Her book, Social Media and Personal Relationships (Palgrave 2013) examines new modes of self-representation and interaction, and changing social networks. By critically engaging with social theories and debates about changing intimacies, she examines the concept and evolving nature of ‘friendship’ and sociability in the context of social media to theorize the rise of online friendship through digital media engagement within new, personalized networked cultures. Deborah’s research also informs debates on changing family dynamics and domestic media technologies within research on the emergence of home-based, social video gaming and a historical study of the cultural formation of television technology. Her book, A Sociology of Family Life: Change and Diversity in Intimate Relations (Polity Press 2012) assesses and engages critically with contemporary debates about the concept of 'the family', focusing on transformations in family and personal lives and the increasing diversity of intimate relations. She also advances debates about the meaning and nature of ‘family’ beyond Western cultures through a series of transnational case studies. This monograph was selected by Choice as outstanding academic title of 2013.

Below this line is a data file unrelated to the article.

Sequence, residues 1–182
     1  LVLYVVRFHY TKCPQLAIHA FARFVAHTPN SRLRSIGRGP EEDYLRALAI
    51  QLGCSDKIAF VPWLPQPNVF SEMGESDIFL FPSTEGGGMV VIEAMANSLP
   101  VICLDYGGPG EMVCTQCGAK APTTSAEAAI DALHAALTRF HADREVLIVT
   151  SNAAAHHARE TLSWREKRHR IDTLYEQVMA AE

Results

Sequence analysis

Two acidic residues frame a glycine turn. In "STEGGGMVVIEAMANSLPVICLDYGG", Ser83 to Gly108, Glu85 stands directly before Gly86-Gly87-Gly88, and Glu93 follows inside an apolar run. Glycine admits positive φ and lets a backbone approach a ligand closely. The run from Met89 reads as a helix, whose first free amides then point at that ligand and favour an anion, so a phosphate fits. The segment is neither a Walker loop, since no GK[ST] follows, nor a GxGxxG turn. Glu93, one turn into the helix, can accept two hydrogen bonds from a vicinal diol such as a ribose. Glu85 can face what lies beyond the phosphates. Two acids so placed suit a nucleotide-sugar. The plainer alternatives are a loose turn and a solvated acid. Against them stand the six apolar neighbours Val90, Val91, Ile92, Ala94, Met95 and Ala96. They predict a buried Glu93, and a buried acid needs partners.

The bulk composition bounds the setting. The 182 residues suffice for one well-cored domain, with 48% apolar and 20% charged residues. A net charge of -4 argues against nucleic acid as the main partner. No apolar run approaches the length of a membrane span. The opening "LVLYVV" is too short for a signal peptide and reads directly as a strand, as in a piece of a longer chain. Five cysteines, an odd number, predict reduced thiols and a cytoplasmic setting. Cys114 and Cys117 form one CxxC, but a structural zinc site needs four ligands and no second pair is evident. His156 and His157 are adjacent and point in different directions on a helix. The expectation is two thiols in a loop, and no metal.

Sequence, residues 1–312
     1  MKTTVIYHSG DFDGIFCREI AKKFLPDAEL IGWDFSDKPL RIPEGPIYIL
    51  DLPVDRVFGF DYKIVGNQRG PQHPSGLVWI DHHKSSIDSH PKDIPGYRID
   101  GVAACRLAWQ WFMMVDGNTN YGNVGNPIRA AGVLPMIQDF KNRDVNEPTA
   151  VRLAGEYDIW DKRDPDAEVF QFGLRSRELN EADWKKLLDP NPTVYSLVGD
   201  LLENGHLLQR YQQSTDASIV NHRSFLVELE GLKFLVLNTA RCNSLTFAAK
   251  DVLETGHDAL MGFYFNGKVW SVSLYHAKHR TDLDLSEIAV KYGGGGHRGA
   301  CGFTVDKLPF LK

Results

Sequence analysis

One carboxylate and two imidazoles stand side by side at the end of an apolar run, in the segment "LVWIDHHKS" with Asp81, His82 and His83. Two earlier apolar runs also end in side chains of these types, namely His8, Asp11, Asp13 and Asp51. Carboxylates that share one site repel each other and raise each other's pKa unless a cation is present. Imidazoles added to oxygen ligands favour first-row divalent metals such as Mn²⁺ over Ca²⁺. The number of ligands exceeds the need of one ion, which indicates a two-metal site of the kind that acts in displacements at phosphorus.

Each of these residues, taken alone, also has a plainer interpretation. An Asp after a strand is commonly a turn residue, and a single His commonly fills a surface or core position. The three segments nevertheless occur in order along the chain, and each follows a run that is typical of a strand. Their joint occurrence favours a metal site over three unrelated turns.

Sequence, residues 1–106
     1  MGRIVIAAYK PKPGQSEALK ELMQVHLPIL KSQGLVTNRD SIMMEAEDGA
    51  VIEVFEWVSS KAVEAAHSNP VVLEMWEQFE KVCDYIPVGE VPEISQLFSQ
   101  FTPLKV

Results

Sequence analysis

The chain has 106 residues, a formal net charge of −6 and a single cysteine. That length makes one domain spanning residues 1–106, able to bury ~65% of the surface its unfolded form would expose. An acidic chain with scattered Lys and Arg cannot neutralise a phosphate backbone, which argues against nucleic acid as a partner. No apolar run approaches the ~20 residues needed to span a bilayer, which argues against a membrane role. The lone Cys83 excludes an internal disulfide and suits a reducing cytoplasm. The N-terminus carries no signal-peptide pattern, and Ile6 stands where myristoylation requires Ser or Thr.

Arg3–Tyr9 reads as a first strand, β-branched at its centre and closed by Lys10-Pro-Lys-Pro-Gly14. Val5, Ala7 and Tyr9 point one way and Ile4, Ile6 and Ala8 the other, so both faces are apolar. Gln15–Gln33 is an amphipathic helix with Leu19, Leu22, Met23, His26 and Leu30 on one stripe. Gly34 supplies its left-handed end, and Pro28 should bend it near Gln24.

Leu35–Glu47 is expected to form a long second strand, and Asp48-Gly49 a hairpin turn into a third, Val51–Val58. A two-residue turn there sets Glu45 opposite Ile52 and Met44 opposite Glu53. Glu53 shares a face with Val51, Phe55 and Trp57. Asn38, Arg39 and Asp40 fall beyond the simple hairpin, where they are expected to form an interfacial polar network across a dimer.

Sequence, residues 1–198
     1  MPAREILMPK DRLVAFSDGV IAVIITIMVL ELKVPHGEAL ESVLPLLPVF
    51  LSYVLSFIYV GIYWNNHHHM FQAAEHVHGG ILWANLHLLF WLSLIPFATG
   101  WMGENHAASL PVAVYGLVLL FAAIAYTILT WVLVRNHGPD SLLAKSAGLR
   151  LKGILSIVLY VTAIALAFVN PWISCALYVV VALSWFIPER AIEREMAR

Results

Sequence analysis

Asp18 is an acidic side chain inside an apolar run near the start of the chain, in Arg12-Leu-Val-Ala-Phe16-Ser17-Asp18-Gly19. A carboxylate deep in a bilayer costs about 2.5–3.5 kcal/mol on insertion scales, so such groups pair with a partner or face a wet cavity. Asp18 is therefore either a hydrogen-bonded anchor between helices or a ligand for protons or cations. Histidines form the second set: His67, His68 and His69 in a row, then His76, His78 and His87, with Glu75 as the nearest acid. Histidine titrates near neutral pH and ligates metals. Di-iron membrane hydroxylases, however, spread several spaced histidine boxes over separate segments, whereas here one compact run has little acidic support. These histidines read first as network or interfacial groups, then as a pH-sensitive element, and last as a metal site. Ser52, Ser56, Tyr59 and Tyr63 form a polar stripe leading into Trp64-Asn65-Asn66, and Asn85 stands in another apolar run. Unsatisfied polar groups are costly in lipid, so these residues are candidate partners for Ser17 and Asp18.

Deborah has worked with colleagues, David Baines and Liviu Popoviciu (Newcastle University) as principal investigator on an ESRC Seminar Series on Widening Ethnic Diversity in Journalism: Towards Solutions. This led to a series of successful seminars across six universities and also the publication of Race Matters, a Special Double Edition of Ethical Space: the International Journal of Communication Ethics (Baines and Chambers 2012). The seminar series engaged academics and practitioners from across all spectrums of the British media as well as international academics. The ESRC series has generated a series of further initiatives including a mentoring scheme between BBC North East & Cumbria and journalism students from diverse ethnic backgrounds from five universities; research on hyper-local news and journalism (David Baines) to examine the roles of local news and journalism in enhancing community sustainability. Deborah is currently working with David Baines (Newcastle University) and Irene Hardill (Northumbria University) on a project on changing news media conceptualisations and representations of ‘the local’.